The new navigation system does introduce a greater chance of the device getting confused around tables and chairs, however. Our dining room is fairly compact. While our older S7 would tap its way around the chairs to get into the nooks and crannies and find its way into other rooms, the S7 MaxV Ultra sometimes sees the mass of chair and table legs and decides that’s it’s trapped and should return to the dock. This also happened in our school room when it found itself under a standing desk with a low bar, two wobble seats, and a white board easel. It’s not common enough to be a problem, and reminding the children to tuck in their chairs is enough to solve it, but is something that the more rudimentary navigation of the S7 could problem solve. 

The actual cleaning performance remains excellent. We have four kids, three cats, and a dog. Between the dirt tracked into the house and the food crumbs that get dropped on the floor, any robot vacuum would have its work cut out for it. But everything from dirt, pet fur, and food particles to even spot cleaning for broken dishes and spilled coffee grounds, this vacuum is up to snuff. Of particular note is the carpet in the kids’ playroom, which also doubles as a cat and dog bed when the sun shines through the windows. Every night, that hair is pulled back up. Every day, they lay it back down. The cycle repeats.

The Empty Wash Fill dock is excellent. The prior S7 would need to be emptied nightly or else it would lose suction power thanks to the occluded dust chamber. In the last month, we haven’t had to manually empty the vacuum once. Once it’s done with its cycle, the vacuum returns to the dock to be vacuumed out and refilled. For water changing, there are little gaskets which press into the robot to prevent leakage. It’s smart and effective design.

But loud. My goodness is it ever loud. Even though it lasts less than 30 seconds, the vacuum force of the Empty Wash Fill dock is equivalent to a full-size vacuum. The S7 MaxV Ultra itself is quite a bit quieter than a normal vacuum on its regular suction setting, so when the dock kits in, it’s surprising no matter how many times you hear it. Still, I’ll take it compared to cleaning the robot itself every night. Loud, but freeing too.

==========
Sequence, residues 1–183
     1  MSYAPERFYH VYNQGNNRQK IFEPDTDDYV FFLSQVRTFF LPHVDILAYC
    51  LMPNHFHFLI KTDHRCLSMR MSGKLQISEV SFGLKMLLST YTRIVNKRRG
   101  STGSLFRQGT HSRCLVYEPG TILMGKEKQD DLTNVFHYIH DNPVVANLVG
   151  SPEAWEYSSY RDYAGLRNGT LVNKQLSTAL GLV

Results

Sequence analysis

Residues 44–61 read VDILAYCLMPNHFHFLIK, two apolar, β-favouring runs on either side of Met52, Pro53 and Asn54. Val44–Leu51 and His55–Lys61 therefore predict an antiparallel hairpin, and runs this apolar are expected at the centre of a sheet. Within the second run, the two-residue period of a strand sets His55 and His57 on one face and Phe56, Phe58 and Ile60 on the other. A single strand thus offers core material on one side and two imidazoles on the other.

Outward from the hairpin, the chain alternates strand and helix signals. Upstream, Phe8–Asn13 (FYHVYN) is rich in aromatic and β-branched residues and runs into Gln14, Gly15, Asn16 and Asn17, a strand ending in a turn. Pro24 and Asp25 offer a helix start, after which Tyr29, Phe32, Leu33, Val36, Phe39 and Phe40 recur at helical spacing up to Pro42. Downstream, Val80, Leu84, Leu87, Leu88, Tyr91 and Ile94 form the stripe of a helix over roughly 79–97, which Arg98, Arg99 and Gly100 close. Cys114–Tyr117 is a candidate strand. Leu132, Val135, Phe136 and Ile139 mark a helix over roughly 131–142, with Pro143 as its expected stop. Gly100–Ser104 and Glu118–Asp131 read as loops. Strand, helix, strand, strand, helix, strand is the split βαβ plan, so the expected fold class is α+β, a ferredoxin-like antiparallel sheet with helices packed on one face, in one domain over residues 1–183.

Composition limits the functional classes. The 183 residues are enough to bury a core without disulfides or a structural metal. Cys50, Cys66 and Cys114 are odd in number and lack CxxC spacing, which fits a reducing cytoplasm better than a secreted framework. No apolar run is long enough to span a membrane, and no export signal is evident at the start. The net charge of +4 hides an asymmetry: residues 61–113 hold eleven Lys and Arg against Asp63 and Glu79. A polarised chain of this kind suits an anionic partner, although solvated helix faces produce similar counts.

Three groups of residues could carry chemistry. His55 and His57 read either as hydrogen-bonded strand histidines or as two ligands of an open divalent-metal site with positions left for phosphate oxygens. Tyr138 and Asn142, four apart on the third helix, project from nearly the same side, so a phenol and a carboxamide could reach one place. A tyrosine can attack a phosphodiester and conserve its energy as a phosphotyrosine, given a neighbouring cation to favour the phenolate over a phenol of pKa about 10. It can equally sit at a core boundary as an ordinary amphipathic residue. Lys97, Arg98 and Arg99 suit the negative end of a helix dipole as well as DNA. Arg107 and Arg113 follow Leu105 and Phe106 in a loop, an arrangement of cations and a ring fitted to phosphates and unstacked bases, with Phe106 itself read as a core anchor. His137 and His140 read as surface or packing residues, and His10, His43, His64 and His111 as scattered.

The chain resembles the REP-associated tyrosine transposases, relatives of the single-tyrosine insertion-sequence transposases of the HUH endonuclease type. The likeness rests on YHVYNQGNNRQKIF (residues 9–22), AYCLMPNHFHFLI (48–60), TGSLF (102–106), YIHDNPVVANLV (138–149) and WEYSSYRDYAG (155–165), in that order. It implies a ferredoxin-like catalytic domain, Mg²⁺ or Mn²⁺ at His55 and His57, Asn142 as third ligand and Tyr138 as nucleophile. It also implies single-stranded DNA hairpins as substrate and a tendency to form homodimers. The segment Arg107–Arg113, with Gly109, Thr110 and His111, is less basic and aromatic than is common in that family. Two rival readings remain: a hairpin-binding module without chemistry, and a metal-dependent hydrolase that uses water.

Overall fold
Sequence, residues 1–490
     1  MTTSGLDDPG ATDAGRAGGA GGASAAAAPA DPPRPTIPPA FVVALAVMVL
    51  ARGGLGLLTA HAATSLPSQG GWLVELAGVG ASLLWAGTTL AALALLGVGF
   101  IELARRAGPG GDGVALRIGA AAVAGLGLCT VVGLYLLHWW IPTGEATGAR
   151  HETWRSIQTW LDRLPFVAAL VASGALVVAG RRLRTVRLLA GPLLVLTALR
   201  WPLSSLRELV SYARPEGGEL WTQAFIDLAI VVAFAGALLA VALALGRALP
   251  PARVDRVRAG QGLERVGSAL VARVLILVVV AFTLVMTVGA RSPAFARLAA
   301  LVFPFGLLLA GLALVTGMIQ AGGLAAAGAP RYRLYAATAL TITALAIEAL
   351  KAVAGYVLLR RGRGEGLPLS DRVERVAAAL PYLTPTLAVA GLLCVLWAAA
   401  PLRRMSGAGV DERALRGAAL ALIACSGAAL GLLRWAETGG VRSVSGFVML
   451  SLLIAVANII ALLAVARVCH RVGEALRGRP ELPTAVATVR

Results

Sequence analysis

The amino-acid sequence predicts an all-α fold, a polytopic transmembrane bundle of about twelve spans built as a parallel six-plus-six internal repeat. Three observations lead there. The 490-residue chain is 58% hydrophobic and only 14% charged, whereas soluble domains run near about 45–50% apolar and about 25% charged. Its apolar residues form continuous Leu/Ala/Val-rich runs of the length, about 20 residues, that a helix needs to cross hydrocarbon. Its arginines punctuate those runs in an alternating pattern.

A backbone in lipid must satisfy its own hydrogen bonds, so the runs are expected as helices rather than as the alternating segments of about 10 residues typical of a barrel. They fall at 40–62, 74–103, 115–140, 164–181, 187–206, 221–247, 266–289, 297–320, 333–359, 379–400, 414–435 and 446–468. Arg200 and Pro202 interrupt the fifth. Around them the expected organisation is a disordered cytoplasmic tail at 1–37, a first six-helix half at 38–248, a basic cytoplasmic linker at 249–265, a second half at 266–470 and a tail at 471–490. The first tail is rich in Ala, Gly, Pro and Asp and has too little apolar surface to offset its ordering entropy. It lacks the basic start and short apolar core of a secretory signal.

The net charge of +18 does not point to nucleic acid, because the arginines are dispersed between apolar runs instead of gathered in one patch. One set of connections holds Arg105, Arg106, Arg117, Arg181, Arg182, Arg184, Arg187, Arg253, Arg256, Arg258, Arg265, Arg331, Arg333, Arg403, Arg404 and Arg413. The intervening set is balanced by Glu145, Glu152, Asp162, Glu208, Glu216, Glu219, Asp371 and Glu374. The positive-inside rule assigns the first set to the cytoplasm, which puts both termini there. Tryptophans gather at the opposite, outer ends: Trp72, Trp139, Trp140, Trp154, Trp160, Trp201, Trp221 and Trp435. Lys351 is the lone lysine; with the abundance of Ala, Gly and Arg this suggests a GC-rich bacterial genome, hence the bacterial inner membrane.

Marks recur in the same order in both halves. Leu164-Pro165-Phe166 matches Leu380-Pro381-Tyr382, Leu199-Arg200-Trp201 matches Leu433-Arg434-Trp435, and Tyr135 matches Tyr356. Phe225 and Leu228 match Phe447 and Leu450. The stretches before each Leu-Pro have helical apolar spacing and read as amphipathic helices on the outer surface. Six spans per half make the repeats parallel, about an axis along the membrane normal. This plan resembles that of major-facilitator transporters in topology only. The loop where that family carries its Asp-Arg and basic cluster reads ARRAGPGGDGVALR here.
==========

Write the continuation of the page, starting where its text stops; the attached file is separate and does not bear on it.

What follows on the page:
Final Thoughts

At $1399, the Roborock S7 MaxV Ultra is expensive but incredibly good. Whether or not the Empty Wash Fill is worth the additional $450 will depend on how much you need those independent cleaning functions, but one thing is for sure: it’s the gateway to the S7 MaxV really becoming an autonomous bit of tech, managing the floors of your house. With it, you can set a schedule and let it run on its own overnight, so you won’t even need to think about your vacuum more than once every month or two. And that’s what these robots are about: freedom. 

The Roborock S7 MaxV Ultra is an excellent example of a robot vacuum done right and is Roborock’s best release so far. It deserves our top recommendation. The  Roborock S7 Max is available now over on the Roborock website.

 

 

 

 

 

 

A review unit was provided for this article

Good
  • Fantastic Cleaning
  • Automation Options
  • Easy Setup
Bad
  • Can Get Stuck On Occasions
  • Expensive
9
Amazing
Written by
Chris cut his teeth on games with the original NES. Since then, games and technology have become a passion. He currently acts as the Hardware Editor for MMORPG.com and GameSpace.com.